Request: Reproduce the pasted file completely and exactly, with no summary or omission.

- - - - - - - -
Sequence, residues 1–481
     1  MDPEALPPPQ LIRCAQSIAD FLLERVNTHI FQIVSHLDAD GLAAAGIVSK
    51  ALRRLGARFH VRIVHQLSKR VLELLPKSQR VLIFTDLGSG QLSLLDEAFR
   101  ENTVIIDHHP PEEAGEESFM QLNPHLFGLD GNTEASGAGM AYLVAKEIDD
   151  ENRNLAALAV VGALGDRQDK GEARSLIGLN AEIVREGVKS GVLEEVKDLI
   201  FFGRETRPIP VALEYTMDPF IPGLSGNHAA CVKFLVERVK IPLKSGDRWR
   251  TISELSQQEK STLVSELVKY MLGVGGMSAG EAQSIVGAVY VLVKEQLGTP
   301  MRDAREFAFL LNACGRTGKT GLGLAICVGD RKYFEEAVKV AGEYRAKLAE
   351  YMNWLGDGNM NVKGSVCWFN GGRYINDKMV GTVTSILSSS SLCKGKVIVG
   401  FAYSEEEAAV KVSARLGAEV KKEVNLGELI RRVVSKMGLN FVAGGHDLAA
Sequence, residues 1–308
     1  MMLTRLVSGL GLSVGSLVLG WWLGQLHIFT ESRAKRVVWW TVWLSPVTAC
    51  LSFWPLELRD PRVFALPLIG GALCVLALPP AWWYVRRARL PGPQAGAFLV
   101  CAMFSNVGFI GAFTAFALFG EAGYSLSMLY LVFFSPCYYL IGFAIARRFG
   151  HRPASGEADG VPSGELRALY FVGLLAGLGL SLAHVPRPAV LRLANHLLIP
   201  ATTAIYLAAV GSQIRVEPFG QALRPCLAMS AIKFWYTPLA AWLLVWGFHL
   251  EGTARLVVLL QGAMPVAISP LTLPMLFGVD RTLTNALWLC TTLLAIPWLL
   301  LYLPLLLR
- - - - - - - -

Sequence, residues 1–481
     1  MDPEALPPPQ LIRCAQSIAD FLLERVNTHI FQIVSHLDAD GLAAAGIVSK
    51  ALRRLGARFH VRIVHQLSKR VLELLPKSQR VLIFTDLGSG QLSLLDEAFR
   101  ENTVIIDHHP PEEAGEESFM QLNPHLFGLD GNTEASGAGM AYLVAKEIDD
   151  ENRNLAALAV VGALGDRQDK GEARSLIGLN AEIVREGVKS GVLEEVKDLI
   201  FFGRETRPIP VALEYTMDPF IPGLSGNHAA CVKFLVERVK IPLKSGDRWR
   251  TISELSQQEK STLVSELVKY MLGVGGMSAG EAQSIVGAVY VLVKEQLGTP
   301  MRDAREFAFL LNACGRTGKT GLGLAICVGD RKYFEEAVKV AGEYRAKLAE
   351  YMNWLGDGNM NVKGSVCWFN GGRYINDKMV GTVTSILSSS SLCKGKVIVG
   401  FAYSEEEAAV KVSARLGAEV KKEVNLGELI RRVVSKMGLN FVAGGHDLAA
Sequence, residues 1–308
     1  MMLTRLVSGL GLSVGSLVLG WWLGQLHIFT ESRAKRVVWW TVWLSPVTAC
    51  LSFWPLELRD PRVFALPLIG GALCVLALPP AWWYVRRARL PGPQAGAFLV
   101  CAMFSNVGFI GAFTAFALFG EAGYSLSMLY LVFFSPCYYL IGFAIARRFG
   151  HRPASGEADG VPSGELRALY FVGLLAGLGL SLAHVPRPAV LRLANHLLIP
   201  ATTAIYLAAV GSQIRVEPFG QALRPCLAMS AIKFWYTPLA AWLLVWGFHL
   251  EGTARLVVLL QGAMPVAISP LTLPMLFGVD RTLTNALWLC TTLLAIPWLL
   301  LYLPLLLR